I was completely shocked by this. “You saw someone getting killed in front of your eyes?” I asked.

They nodded their heads yes as if it was no big deal. “When the Iranian police caught us, our trafficker disappeared all of a sudden.”

I wanted to change the subject. “Do you have any fun stories of your trip?” I asked them. What they told me did not necessarily sound fun.

“Escaping from police on the Turkish border was fun,” said Mohammad. “We came across another family that had been left behind by the group they were in. They warned us to go back since there was a police trap ahead — they said the police would shoot us. Whenever we saw police lights, we took cover. Many of the men on their own ran back across the border to Iran when they saw the police that night, but the families were too scared to go back. We took cover near a big pit filled with water; I fell in and was wet from head to toe. It was really cold that night. The Turkish border was very difficult and cold.”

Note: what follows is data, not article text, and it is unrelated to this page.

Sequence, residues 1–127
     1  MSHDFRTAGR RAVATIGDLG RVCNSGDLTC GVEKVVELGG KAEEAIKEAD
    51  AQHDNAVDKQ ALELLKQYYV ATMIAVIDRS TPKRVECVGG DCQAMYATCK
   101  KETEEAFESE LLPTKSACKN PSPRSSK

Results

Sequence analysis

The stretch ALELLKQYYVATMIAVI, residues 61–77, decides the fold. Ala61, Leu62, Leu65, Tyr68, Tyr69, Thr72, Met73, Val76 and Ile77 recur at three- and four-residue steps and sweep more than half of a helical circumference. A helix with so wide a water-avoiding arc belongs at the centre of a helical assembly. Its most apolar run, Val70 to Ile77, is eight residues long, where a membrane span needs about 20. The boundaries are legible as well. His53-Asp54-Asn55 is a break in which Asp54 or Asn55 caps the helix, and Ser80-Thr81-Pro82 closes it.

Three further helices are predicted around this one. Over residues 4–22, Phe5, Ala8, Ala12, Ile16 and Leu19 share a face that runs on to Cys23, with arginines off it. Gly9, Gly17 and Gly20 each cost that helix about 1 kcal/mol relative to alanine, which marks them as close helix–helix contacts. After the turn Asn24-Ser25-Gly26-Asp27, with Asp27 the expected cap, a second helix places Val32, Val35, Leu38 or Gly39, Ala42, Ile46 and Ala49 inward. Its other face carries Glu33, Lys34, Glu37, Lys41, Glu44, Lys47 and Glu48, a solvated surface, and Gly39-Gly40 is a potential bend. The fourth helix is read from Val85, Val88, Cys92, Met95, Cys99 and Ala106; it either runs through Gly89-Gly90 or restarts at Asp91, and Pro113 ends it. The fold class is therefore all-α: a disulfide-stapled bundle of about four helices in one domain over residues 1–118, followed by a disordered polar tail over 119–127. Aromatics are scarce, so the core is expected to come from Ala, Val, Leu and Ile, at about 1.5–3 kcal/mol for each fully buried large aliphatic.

One of the other kids chimed in. “We walked from dust to dawn when we finally met some new traffickers who wanted to help us the rest of the way. We didn’t want to go with them, but we had no other option. We had an Afghan doctor with us who was the guide and translator for our group. But when his foot got injured, he left us with his wife and two other men.”

Mohammad then picked up the story again. “The trafficker was not with us at all, we never saw him [when we were walking]. The advantage was that if you were with a trafficker there were lower chances of getting caught. If we had not had women with us, we could have run away,” Mohammad said with a smile. “Women couldn’t run like us men.”

The Ailing Grandmother and the Arrest

One of the boys told me about their grandmother, who had traveled with them. “My grandma had a stroke there. When she heard gunshots, she got scared and fell while on the mountain. Her head hit a rock. At the same time, police were chasing us. I was running and I was very scared. When they caught us, they treated us well, but they were not very nice to Pakistanis. Grandma was unconscious, and the police officers helped us put her in a car and took her to a hospital. Everyone else was put in a van, and everyone was crying. Soldiers pointed their guns at us and threatened to shoot us if we didn’t stop crying. They took us to a small village in Turkey.” He told me his grandmother was now resting and recovering.